No. I always knew that I wanted to be here. There was a point I thought, “Am I going to be able to?” I never thought I would ever not want to. Just wanted that red tape to be cut and the money to be expedited. Disaster is tough and we’re not the first. With different hurricanes, with fire, with tornados. it’s not the first. You would think somebody on a higher level would be able to figure that stuff out. I remember early on, Carl and I set up this donation center in the senior center. I remember questions like, “Can we do this?” “Can we do that?” I was thinking to myself, “Isn’t there like handbook for this stuff? Don’t I drop it in a black box and it tells us what to do?” You would think that… but it’s not.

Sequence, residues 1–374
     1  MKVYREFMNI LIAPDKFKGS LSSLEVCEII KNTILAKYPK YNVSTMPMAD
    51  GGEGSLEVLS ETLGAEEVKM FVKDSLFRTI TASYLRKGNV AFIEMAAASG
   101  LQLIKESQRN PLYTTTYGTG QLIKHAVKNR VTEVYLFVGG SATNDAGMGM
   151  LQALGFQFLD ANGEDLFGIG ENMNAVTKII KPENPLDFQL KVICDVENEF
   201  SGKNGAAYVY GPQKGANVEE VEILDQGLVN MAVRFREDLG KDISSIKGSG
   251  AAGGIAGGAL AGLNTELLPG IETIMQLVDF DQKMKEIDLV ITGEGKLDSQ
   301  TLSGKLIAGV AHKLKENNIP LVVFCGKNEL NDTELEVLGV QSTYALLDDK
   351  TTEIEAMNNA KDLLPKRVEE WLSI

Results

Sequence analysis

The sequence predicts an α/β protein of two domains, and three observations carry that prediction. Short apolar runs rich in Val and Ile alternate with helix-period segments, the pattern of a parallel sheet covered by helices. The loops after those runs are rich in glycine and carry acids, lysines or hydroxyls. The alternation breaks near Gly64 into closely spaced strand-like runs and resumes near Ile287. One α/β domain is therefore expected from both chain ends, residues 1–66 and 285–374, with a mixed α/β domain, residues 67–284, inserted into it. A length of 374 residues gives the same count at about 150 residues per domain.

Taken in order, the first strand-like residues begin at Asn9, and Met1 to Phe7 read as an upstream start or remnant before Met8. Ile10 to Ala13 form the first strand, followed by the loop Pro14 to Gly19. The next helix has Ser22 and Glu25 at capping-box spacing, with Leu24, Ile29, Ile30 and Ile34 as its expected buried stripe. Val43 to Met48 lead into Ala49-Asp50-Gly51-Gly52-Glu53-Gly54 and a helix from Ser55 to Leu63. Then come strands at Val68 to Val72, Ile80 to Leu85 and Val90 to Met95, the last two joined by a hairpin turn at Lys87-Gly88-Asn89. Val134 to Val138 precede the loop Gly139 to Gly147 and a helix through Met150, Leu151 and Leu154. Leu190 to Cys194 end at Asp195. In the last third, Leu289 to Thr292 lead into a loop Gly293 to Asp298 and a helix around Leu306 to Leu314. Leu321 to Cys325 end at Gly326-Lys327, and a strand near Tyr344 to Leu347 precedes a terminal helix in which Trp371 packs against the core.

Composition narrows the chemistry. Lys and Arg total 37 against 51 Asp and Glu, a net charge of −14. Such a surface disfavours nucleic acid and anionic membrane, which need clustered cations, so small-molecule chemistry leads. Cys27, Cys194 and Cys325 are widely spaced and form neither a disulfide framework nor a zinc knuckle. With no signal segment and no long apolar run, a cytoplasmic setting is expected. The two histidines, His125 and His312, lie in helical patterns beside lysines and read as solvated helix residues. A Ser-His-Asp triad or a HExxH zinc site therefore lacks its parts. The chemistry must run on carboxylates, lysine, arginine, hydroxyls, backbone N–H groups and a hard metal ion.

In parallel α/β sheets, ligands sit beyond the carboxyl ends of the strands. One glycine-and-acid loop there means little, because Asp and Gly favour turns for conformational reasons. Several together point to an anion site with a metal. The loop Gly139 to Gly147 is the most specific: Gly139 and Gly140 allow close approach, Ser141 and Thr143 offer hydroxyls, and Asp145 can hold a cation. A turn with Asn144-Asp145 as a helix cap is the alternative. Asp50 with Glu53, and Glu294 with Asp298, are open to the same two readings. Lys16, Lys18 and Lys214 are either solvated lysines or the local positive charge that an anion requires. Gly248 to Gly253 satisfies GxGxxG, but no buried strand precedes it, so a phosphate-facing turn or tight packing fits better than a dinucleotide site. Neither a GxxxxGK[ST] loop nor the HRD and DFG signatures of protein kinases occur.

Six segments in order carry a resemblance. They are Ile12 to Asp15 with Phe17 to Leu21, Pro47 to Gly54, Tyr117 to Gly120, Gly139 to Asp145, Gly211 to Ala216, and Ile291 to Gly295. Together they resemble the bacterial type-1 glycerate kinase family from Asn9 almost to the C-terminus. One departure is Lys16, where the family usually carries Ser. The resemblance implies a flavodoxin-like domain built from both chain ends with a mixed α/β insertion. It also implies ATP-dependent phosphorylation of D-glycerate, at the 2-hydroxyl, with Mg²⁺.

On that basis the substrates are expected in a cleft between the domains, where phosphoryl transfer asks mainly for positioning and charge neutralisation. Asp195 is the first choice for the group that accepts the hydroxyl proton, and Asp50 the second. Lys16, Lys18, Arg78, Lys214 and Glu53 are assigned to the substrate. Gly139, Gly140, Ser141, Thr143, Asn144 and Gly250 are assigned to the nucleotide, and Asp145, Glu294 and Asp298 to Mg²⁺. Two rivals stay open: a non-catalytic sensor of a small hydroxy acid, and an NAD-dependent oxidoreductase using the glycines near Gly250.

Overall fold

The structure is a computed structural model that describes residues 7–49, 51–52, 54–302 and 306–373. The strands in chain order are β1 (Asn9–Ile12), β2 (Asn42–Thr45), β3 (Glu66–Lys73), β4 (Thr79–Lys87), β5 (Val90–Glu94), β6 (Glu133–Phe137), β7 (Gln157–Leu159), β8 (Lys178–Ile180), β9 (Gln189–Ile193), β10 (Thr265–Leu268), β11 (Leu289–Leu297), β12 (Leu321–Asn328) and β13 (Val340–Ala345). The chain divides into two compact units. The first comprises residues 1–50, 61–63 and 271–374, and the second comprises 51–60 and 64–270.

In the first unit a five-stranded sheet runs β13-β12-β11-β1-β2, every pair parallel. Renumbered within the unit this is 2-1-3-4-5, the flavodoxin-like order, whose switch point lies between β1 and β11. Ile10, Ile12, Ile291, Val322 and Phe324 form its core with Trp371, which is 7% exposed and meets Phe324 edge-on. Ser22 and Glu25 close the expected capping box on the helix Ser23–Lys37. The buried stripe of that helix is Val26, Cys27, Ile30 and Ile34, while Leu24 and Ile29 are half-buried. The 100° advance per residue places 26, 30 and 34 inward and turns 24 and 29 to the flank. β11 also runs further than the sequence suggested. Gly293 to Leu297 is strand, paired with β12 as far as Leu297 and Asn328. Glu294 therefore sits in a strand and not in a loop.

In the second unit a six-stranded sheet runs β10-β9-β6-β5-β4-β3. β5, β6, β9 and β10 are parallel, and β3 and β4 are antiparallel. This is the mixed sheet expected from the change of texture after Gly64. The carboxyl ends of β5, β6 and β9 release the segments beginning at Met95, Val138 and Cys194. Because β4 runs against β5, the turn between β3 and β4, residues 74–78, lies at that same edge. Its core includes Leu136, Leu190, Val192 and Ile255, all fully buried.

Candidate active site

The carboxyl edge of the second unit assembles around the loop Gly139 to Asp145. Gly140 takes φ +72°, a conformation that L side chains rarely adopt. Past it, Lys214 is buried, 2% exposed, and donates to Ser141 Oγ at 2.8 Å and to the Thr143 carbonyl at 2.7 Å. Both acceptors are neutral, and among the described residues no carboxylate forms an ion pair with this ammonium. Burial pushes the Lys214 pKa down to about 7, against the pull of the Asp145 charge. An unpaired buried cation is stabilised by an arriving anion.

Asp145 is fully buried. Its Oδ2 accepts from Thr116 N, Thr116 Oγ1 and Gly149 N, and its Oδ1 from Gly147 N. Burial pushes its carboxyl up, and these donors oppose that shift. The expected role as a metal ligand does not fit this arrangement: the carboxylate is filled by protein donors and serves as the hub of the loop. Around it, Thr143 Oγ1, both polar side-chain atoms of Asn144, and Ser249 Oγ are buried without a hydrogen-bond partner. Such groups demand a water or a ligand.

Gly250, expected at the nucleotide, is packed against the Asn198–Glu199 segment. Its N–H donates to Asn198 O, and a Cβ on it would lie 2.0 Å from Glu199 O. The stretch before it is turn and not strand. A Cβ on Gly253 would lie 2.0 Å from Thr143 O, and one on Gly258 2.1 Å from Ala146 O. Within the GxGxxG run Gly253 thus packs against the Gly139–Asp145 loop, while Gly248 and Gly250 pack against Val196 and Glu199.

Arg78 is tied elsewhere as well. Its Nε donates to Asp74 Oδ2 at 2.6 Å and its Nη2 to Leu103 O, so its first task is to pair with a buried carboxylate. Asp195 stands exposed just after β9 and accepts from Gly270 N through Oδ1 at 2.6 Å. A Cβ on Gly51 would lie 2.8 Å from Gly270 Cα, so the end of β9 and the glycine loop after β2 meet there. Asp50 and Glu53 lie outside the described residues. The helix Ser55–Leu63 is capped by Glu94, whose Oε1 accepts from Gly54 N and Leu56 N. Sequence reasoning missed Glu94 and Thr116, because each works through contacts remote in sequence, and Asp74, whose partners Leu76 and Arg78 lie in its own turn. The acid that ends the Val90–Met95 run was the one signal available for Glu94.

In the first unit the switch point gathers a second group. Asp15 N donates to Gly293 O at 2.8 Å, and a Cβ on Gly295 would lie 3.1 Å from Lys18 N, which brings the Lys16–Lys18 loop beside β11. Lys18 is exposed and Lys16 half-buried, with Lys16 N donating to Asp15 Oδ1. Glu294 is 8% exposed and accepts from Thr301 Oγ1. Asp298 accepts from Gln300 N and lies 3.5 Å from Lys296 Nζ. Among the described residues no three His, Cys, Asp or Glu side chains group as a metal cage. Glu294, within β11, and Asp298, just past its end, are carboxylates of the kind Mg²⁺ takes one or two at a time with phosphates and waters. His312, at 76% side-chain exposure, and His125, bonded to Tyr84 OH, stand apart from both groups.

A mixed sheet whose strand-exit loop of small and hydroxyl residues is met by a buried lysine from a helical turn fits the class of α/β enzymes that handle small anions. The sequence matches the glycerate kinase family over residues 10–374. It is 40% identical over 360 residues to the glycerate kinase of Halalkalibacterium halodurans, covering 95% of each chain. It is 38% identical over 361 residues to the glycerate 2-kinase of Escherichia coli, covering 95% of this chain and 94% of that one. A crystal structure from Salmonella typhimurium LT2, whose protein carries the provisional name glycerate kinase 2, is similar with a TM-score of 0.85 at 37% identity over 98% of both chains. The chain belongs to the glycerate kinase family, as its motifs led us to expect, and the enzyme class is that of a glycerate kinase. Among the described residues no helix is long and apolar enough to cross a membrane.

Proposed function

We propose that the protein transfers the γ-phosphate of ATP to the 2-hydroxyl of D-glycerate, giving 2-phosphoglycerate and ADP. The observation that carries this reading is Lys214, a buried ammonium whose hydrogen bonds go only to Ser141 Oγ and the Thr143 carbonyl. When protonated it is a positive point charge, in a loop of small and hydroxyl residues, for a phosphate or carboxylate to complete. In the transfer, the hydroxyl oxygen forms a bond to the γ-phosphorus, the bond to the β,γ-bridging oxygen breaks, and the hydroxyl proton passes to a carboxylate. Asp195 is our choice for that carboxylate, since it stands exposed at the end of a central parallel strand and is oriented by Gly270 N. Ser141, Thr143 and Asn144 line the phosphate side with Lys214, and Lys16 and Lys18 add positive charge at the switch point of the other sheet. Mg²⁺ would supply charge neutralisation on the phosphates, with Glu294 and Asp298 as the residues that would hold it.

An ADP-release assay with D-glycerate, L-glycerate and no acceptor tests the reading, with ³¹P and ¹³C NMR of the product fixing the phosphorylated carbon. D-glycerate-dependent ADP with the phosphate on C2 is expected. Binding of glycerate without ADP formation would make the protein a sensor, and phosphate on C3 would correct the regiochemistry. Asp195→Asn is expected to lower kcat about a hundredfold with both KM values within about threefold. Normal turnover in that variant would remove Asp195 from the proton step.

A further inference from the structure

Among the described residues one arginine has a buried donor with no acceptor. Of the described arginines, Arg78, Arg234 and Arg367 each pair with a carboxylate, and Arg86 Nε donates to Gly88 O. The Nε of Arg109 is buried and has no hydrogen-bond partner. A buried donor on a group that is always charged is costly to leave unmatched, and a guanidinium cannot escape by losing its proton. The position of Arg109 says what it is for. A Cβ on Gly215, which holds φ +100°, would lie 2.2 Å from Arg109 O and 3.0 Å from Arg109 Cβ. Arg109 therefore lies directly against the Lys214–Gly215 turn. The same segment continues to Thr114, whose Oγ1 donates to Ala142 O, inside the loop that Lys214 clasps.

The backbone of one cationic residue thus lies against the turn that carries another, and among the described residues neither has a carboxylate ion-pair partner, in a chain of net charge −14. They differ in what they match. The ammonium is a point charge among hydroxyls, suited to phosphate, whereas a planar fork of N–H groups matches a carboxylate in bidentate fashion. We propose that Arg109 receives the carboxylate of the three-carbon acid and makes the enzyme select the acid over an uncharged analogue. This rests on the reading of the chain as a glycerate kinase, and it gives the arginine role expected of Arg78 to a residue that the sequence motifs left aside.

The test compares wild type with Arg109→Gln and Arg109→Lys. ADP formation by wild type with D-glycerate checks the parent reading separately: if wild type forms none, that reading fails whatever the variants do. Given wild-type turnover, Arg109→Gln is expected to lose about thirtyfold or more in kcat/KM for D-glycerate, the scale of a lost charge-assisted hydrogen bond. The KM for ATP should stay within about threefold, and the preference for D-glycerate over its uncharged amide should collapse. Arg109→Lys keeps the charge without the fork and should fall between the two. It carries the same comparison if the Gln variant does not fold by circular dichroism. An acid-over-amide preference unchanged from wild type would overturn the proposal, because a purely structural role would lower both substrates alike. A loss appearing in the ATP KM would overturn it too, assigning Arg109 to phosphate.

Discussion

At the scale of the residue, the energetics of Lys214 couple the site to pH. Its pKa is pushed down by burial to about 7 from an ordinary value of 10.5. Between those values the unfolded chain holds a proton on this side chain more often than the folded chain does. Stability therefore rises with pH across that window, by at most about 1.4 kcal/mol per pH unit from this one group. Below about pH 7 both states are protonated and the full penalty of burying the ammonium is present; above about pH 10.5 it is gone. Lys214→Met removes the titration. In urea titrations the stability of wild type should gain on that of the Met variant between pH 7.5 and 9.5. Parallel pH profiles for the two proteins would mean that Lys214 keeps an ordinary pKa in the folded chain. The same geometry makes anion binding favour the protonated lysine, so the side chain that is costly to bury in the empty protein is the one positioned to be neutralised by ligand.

Are there any stories associated with the storm and rebuilding that you would like to share?
The most important is that we as a community have pulled together. It’s like the mantra, you know, “We think, we can, we did.” We did the best that we can, and, and I know we say that if we’re in it together, the only way through it is together. I saw it. I witnessed it. It was good. When something comes in life, this is a change, whether or not it’s a cleansing from God or whatever it is. For as bad as it is, you have to take the good stuff too.
How has the community been in helping you get through hard times?
The community’s been great. I opened up a temporary location about a mile inland, called “Jakeabob’s Off the Bay.” I tease, because I say Jakeabob’s is in the bay, so might as well go off the bay. That lasted for about a year. During the recovery stage here, people were still struggling, so for the locals to come out, it was a tough to support. They’re figuring out how to get their sheetrock up and their floors done. Going out to dinner was not on the table.